Officers at the Lansing Correctional Facility may not be particularly comforted by the response of state officials to reported safety concerns at the facility.
It’s pretty easy for someone sitting in an office at the Kansas Department of Corrections to dismiss such reports. It’s a lot harder if you’re the person interacting directly with inmates at the facility on a daily basis.
The Kansas Organization of State Employees issued a statement this week expressing “extreme concern” about conditions at Lansing based on what the group described as erupting violence at the state prison. KOSE cited five incidents involving inmates between June 5 and June 9 that resulted in injuries to 10 correctional officers. The group further explained that the injuries were severe and included broken teeth, a torn rotator cuff and fingers bitten down to the bone.
No, no, said Jeremy Barclay, a communications officer for the Corrections department, that’s not what happened. Actually there were only three incidents in those five days and only six staff members were injured. And none of the injuries was serious. “None of the injuries required hospitalization,” he explained.
Well then, everything is fine.
What qualifies as a serious injury apparently is a matter of perspective. It’s understandable that state corrections officials would want to downplay any potential problems at the Lansing facility, but even three incidents that resulted in significant injuries over a five-day period seems like a problem that requires attention, not the dismissive attitude displayed by Barclay’s statement that, “It’s a correctional facility. We’re not housing people who have a propensity toward good behavior.”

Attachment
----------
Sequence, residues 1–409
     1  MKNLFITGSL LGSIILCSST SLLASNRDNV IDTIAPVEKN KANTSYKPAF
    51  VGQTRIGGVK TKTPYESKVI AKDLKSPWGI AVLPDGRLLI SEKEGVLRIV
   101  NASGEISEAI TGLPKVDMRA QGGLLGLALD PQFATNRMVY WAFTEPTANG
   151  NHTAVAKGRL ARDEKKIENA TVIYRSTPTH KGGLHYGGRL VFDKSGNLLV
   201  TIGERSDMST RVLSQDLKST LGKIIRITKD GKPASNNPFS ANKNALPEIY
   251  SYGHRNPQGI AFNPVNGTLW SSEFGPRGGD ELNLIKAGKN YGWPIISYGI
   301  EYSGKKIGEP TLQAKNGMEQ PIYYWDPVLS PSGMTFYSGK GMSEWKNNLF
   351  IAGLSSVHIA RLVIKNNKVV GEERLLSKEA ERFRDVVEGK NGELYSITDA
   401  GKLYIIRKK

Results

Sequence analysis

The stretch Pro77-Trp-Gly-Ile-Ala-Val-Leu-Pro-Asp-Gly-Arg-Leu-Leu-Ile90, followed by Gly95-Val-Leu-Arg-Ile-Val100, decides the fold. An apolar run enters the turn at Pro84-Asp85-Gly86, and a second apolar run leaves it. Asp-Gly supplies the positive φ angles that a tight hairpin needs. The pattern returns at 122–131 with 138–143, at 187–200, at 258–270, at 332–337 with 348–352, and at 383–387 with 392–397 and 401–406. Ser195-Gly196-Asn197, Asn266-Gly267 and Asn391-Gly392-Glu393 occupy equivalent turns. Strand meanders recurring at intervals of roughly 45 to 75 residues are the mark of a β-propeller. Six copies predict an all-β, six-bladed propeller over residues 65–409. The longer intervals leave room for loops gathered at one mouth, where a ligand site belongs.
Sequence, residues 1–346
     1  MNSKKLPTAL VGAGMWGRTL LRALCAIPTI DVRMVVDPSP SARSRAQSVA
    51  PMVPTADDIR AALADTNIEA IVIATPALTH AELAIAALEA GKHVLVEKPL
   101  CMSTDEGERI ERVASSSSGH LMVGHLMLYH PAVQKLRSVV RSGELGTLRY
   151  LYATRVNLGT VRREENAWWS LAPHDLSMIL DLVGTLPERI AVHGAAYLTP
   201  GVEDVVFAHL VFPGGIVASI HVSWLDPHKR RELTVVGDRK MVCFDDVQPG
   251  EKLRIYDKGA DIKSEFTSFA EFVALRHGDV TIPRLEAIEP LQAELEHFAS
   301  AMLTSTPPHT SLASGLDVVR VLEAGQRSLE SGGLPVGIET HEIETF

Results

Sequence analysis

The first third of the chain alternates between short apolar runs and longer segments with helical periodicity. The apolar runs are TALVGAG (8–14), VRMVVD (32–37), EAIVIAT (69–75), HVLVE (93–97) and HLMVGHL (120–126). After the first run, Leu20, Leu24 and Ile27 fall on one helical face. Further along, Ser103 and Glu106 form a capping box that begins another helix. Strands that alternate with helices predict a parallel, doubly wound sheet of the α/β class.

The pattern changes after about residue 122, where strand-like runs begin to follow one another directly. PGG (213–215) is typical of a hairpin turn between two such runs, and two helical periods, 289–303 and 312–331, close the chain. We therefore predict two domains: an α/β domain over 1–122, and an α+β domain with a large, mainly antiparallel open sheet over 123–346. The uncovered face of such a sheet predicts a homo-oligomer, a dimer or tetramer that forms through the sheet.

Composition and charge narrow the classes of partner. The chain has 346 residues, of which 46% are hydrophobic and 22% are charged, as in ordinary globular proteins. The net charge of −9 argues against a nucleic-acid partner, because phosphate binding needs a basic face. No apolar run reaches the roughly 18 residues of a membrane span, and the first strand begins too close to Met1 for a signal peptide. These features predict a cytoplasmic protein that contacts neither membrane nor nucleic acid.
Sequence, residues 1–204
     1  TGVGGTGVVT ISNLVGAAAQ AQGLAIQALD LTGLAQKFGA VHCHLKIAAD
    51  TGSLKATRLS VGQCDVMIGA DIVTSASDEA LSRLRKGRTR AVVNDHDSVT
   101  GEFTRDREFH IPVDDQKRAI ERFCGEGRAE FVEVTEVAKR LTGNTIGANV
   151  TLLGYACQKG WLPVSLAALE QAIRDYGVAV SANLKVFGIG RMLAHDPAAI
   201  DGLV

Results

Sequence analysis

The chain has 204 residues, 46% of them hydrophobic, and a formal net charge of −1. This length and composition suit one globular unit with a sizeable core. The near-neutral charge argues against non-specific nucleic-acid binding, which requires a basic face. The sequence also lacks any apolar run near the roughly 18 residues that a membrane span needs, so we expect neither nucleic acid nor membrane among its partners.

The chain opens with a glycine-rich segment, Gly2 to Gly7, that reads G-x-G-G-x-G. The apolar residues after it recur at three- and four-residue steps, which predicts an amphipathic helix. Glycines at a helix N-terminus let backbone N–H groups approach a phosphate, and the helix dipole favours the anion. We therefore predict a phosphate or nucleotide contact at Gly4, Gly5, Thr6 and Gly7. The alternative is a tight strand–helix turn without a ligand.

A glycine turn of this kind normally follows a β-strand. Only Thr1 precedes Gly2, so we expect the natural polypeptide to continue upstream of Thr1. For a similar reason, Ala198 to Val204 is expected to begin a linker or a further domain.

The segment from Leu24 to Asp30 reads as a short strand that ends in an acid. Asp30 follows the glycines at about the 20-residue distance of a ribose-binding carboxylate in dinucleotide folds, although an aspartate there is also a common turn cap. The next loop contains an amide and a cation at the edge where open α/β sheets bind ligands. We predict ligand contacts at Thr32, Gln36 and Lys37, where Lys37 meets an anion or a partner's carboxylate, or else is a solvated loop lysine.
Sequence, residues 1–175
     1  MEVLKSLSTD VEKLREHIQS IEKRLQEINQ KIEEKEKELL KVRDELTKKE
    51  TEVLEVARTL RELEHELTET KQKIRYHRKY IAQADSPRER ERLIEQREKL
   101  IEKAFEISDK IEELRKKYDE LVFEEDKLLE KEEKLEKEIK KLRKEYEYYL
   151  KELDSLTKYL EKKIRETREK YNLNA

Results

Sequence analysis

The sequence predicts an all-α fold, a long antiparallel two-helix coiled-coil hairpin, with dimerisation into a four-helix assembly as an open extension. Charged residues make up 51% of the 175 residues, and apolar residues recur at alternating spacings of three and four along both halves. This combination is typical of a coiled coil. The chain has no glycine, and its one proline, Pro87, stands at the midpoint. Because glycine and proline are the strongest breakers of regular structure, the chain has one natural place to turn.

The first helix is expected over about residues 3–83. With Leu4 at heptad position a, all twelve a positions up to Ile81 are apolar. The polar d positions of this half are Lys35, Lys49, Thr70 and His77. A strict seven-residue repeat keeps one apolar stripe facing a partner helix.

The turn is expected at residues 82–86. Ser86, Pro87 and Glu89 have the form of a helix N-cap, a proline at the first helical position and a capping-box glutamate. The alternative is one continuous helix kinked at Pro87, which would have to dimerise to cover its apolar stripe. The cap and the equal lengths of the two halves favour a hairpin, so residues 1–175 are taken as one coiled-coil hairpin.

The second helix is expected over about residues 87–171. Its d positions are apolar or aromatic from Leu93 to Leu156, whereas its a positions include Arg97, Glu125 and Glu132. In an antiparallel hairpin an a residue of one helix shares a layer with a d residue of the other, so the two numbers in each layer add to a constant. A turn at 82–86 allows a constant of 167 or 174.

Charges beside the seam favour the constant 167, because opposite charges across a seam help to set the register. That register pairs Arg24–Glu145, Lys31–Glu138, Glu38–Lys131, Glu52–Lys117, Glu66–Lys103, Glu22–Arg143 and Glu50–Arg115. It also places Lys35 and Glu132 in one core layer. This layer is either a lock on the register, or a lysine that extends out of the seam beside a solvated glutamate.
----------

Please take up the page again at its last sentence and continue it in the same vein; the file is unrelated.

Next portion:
The Lansing facility houses about 2,300 inmates and is supposed to have a staff of 509 uniformed officers to oversee those inmates. However, there currently are 27 vacant officer positions meaning that existing officers are working overtime to fill gaps. Barclay said the state is working to fill those vacancies but acknowledged to a Leavenworth newspaper that it’s not always easy to find the right people to fill those jobs.
The concerns being expressed by current Lansing officers isn’t likely to make hiring any easier.
Under the best of circumstances, working in a facility like Lansing, which has units for maximum-, medium- and minimum-security prisoners, is a stressful job that carries with it some inherent risks. The least the state officials overseeing these facilities can do is take the concerns of their officers seriously and do their best to maximize safety and minimize risks for the people who work directly with inmates every day.